Inside Stormveil, you might come across another Tarnished named Rogier. A spellsword, Rogier will give you some information about Godrick and Stormveil, and later will return to the Roundtable Hold. Talking with him later factors into a strange element of the Lands Between: undead creatures known as Those Who Live in Death. Their story, and Rogier's, as well as that of others in the Roundtable Hold, concerns Godwyn the Golden--the first demigod to ever die. We won't dive too deeply into Rogier's story, but finding and talking with him is useful in opening up some story avenues in Elden Ring that we'll get to later.

The coward Godrick the Grafted

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As you wander Limgrave, you'll see the results of what Godrick has wrought on the place. His men rule the south of the Lands Between, crucifying people along the roadways and setting up checkpoints at key locations. Soldiers stand at these chokepoints, waiting to attack Tarnished as they cross bridges or pass beneath gatehouses, hunting them and preventing them from reaching Stormveil.

It's pretty to easy to infer that Godrick is holed up in Stormveil Castle, hoarding his Great Rune, aligning his troops to make sure no one can come for him. We get some of the backstory that suggests why this is: Godrick kind of sucks. Speak with Kenneth Haight, who claims to be the lord of a stronghold called Fort Haight and "the rightful ruler of Limgrave," and he'll tell you about Godrick's true character: that Godrick sneaked out of Leyndell during the Shattering among the women to avoid the other demigods; that he hid from General Radahn rather than engage the demigod in honorable combat; and that he insulted another demigod, Malenia, and then begged for mercy upon getting walloped by her. So it sure looks like he's hiding in Stormveil, afraid someone else will come to take his Great Rune. When you actually enter the castle, you see more evidence of this, as almost all of Godrick's soldiers are set up in the courtyard, manning artillery and facing toward the main gate in case anyone threatens to enter the castle.

On the way to Stormveil, you learn more about what Godrick is actually doing in the castle. He's hiding, but he's also trying to strengthen himself--he's desperate to be taken seriously and respected by the other demigods. On the road north to Stormveil, you might stop by Stormhill Shack and discover a young woman named Roderika, who tells you that she was with a group who of Tarnished who ventured to Stormveil, only to be "grafted." That's the fate that has befallen a number of warriors who have tried to take on Stormveil, if they can even reach the stronghold in the first place. Godrick's soldiers patrol Limgrave, searching for more Tarnished to capture and carry back to the castle for grafting.

Stormveil is filled with pieces of corpses necessary for Godrick's grafting experiments.
Stormveil is filled with pieces of corpses necessary for Godrick's grafting experiments.

When you eventually meet Godrick, you'll learn what grafting is all about: The lord has literally grafted the limbs of other people onto his body, hoping to take their strength into himself. Godrick is covered in extra arms and legs, and Stormveil is full of dismembered bodies from all the people the lord has maimed, tortured, and murdered in order to make himself more powerful. You'll also run across a few enemies called Grafted Scions in the Lands Between, who seem to be both children and grafting experiments. Recall that the first boss you faced in the Church of Ambition was a Grafted Scion. That suggests that Godrick, expecting Tarnished to come for him, stationed one of his gross experiments right at their entry point to the Lands Between to stop them before they could become a threat.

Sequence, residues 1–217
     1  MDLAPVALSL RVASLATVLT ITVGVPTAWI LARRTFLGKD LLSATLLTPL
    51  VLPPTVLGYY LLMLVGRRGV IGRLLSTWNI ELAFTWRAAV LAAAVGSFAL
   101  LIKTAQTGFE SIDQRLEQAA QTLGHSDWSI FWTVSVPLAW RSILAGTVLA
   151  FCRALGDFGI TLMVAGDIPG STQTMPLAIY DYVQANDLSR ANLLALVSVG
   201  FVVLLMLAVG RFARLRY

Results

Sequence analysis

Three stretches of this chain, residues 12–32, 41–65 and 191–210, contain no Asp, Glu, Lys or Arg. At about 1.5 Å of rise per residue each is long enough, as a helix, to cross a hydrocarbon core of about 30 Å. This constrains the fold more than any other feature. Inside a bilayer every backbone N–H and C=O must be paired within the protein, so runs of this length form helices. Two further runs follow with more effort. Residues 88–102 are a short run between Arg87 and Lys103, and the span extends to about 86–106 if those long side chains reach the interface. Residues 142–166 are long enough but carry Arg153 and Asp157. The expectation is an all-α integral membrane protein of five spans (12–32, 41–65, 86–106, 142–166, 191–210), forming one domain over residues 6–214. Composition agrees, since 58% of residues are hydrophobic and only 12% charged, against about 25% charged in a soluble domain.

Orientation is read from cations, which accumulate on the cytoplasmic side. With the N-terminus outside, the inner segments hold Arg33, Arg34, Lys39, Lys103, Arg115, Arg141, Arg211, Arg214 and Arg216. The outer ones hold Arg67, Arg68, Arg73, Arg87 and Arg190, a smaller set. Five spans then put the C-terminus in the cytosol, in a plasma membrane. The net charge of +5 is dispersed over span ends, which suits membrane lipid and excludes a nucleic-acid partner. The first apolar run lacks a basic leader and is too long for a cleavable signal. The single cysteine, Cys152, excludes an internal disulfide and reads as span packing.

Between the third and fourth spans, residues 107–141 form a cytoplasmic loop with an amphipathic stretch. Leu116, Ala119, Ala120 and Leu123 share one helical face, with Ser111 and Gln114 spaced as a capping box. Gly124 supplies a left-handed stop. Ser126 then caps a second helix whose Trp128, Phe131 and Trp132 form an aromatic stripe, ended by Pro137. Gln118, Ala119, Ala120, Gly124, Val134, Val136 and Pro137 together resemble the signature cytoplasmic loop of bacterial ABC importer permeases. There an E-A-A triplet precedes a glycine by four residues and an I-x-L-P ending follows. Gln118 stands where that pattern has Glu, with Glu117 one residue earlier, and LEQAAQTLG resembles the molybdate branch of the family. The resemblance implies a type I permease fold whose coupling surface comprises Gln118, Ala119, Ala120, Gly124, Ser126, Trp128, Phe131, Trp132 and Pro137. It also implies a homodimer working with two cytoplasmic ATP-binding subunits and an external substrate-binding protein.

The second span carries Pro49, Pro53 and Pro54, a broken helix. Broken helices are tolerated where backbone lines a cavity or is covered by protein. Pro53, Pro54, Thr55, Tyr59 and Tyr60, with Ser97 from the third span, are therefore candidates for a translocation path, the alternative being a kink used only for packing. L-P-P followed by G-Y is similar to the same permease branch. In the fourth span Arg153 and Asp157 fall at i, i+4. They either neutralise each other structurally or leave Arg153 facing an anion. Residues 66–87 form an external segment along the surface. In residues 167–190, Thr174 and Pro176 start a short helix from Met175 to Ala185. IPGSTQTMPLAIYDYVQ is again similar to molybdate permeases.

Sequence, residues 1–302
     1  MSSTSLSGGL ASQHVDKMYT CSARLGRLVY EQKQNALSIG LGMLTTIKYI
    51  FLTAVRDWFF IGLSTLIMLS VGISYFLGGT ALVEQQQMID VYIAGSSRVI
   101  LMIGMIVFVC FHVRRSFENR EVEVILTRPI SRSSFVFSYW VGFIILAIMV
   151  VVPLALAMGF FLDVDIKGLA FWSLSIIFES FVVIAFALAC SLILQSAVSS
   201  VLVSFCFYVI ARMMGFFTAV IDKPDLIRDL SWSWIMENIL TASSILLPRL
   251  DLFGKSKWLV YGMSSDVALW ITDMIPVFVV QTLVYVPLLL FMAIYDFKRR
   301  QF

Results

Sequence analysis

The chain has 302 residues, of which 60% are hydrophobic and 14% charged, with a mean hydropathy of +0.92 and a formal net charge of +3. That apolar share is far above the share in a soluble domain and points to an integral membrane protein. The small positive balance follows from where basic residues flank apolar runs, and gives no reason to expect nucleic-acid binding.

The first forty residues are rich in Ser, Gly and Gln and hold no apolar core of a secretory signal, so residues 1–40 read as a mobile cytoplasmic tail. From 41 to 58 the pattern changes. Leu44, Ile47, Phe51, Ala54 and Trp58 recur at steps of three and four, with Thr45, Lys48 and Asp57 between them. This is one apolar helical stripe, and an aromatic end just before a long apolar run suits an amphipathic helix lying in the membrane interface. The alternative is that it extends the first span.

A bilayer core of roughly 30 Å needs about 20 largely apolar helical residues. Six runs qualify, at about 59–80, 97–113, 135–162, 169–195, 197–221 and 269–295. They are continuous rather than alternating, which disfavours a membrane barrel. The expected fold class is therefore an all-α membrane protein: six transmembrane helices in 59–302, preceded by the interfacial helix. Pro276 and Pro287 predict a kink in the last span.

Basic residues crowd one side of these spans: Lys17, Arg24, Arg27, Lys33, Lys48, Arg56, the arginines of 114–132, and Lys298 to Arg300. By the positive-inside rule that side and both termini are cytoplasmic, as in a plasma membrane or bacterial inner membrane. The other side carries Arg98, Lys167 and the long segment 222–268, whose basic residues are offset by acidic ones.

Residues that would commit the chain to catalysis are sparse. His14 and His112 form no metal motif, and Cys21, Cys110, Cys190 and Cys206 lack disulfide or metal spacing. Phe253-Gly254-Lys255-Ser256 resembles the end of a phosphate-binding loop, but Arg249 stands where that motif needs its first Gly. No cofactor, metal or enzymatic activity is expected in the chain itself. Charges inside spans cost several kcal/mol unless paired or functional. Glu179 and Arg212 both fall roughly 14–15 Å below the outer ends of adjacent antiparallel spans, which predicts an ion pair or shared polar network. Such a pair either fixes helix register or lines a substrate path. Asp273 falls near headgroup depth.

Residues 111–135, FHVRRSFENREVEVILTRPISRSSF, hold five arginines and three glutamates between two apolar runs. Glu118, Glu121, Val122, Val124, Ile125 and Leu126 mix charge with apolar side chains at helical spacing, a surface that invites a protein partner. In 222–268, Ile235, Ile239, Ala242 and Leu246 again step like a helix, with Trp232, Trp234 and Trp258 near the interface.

During the fight, Godrick uses grafting right in front of you, claiming the head of a dead dragon and using it in place of an arm. This is another nod to his ancestors: Godwyn the Golden, Godfrey's son and the first-born demigod child of Marika, famously defeated the dragons who once controlled the Lands Between. Godwyn was actually so beloved and so impressed the dragons that more than one of them befriended him, in fact. Godrick, of course, is chasing the glory of his bloodline and trying desperately to make it his own, but even while forcing a dragon to be part of his actual body, he can't stand up to the measure of his forefathers, and you kill him and take his Great Rune.

Godrick's defeat opens up the way through Stormveil, which leads north to the next section of the Lands Between. The story continues in Liuria of the Lakes, Part 2 of this series.

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Phil Hornshaw

Phil Hornshaw is a former senior writer at GameSpot and worked as a journalist for newspapers and websites for more than a decade, covering video games, technology, and entertainment for nearly that long. A freelancer before he joined the GameSpot team as an editor out of Los Angeles, his work appeared at Playboy, IGN, Kotaku, Complex, Polygon, TheWrap, Digital Trends, The Escapist, GameFront, and The Huffington Post. Outside the realm of games, he's the co-author of So You Created a Wormhole: The Time Traveler's Guide to Time Travel and The Space Hero's Guide to Glory. If he's not writing about video games, he's probably doing a deep dive into game lore.

Elden Ring

Elden Ring